If you’ve not had a hitting-the-bottom moment yet, ask yourself a difficult question: What’s the price of not changing? Dying of a heart attack? An estrangement from your family? Forty more pounds? There are very real consequences to all of our actions. You can also take a personal inventory of what negative effects your current behavior has created (high blood pressure, boredom, shame, self-loathing, exhaustion). Have the courage to tell yourself the truth about the current and future consequences of your behavior. Do it not to beat yourself up, but to acknowledge to yourself that you’re really ready to change.“This Year I Will” by M.J. Ryan
In some ways, I feel like this is building off of my previous blog post. I mentioned how life’s trajectory is never stationary–things are always accelerating towards either a positive or negative future.
So today, I thought I’d take a moment to look at the price of the status quo and the trajectory I’m currently on. I know M.J. Ryan calls it “the price of not changing” rather than “the price of the status quo.” A Landmark course I did last year used the phrase “resistance leads to persistence.” In a similar spirit, I’m writing this blog post not to define problems that need to be solved, but rather to acknowledge where I am at right now and the impact of my current trajectory.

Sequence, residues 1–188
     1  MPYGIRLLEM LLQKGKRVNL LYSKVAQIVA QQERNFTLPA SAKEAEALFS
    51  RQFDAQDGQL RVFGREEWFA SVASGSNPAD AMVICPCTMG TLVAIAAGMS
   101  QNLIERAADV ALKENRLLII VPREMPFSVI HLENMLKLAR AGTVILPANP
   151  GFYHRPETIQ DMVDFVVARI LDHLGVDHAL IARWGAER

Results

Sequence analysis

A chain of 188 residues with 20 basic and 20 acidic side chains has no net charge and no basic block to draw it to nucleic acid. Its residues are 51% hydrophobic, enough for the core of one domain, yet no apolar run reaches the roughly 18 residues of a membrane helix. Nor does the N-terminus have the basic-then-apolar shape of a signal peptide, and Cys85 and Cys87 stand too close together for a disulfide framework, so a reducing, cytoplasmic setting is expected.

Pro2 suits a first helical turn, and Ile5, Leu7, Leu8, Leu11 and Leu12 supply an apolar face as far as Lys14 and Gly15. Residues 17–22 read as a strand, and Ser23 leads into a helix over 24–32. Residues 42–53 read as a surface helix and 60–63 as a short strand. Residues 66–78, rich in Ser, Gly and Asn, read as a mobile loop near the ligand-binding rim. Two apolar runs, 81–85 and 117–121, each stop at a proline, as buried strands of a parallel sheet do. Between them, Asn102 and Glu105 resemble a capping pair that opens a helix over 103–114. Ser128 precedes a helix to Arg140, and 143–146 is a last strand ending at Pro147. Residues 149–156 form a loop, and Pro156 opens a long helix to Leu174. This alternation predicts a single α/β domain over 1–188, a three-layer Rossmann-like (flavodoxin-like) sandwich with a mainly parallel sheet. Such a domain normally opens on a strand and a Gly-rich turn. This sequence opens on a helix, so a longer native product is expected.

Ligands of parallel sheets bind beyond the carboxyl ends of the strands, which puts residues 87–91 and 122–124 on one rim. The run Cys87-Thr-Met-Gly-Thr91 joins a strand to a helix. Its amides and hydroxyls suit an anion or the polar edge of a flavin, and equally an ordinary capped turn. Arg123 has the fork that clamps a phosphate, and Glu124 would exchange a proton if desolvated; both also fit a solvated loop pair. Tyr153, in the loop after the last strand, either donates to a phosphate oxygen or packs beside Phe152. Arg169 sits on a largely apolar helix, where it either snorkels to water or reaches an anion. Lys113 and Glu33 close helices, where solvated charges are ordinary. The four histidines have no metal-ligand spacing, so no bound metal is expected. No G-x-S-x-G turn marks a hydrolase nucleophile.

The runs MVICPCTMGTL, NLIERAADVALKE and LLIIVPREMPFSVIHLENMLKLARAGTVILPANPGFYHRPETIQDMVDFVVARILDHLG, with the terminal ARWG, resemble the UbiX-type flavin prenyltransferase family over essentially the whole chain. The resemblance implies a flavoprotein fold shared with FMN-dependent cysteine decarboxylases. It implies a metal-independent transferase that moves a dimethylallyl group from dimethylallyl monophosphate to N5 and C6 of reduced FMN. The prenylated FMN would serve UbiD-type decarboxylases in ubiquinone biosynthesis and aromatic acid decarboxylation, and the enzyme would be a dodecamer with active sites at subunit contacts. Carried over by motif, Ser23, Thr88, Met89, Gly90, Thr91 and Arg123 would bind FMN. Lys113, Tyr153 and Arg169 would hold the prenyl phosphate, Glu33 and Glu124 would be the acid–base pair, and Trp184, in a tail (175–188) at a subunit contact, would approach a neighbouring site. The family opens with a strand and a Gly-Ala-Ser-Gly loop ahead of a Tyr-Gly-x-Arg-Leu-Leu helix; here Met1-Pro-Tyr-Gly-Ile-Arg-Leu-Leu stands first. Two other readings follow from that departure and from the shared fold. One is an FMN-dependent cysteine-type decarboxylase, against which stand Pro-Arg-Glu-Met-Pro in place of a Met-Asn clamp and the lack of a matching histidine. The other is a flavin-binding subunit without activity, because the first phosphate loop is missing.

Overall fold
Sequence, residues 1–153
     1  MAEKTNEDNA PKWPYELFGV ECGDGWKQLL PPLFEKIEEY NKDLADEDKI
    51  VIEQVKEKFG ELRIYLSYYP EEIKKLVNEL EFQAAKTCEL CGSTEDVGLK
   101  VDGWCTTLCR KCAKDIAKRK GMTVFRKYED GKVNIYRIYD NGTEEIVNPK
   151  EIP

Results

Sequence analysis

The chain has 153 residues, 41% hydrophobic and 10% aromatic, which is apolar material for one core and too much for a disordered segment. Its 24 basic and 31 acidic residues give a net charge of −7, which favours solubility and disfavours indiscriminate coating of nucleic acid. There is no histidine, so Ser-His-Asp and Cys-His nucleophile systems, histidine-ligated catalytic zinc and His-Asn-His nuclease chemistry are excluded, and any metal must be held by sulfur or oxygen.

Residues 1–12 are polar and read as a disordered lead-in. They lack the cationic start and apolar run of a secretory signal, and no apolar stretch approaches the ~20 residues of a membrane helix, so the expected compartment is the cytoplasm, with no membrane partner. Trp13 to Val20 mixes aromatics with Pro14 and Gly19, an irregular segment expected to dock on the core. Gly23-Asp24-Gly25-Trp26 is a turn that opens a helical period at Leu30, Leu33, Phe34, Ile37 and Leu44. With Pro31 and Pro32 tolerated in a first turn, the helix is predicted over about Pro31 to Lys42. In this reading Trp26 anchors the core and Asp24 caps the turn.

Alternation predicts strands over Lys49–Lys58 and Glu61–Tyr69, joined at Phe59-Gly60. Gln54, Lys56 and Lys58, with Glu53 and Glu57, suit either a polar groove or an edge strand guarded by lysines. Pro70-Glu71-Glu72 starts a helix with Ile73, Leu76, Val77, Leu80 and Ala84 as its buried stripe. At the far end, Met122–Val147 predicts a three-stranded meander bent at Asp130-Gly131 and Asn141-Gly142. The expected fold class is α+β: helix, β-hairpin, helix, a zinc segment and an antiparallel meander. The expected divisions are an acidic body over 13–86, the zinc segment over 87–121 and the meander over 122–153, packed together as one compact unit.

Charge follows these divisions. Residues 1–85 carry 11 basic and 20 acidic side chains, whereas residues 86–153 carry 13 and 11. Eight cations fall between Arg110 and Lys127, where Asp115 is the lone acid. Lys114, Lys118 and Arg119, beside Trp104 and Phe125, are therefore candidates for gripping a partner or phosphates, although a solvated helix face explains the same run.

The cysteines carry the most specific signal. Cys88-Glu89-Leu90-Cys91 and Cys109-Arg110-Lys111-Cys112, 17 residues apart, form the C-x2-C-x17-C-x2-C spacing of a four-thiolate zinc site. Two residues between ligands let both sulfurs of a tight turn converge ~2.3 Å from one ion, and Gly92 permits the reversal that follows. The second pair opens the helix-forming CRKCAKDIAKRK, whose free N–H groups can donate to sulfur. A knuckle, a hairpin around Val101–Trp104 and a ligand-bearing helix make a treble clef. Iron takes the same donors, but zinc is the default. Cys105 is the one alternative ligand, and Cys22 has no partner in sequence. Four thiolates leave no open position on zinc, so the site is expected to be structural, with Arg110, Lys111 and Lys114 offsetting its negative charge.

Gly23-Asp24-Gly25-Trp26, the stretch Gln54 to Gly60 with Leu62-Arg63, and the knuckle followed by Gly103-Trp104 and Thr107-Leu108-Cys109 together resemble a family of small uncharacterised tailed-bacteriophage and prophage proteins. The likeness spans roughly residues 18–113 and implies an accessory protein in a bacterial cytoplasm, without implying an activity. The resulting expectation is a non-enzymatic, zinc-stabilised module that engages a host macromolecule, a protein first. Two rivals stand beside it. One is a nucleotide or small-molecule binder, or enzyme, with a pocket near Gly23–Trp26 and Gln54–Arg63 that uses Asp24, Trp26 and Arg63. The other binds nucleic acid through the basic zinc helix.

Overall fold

Physically, I have not been taking great care of my health. This year I played volleyball for the regular indoor season with both the VGVA and a work team at Volleyball BC, dropped in for grass and beach volleyball 3 times during the summer, played in a Spring volleyball tournament, and starting dropping in at both badminton and recreational volleyball again. However, at the same time, I have not been running, I stopped going to the gym regularly, I didn’t make or eat my meal prep regularly, and I felt like my age was catching up to me.
When I was a kid, I was much more overweight, and I was not at all athletic. My Mom got me to join the jogging club in elementary school to try to keep my health in check. When I started, I couldn’t even run 100 m without having to stop to catch my breath. I remember the first time the club went for a run at another school, it was more than I thought that I could handle and by the time I was heading back to the finish line, I was in tears and my Mom had to run beside me to encourage me to finish it.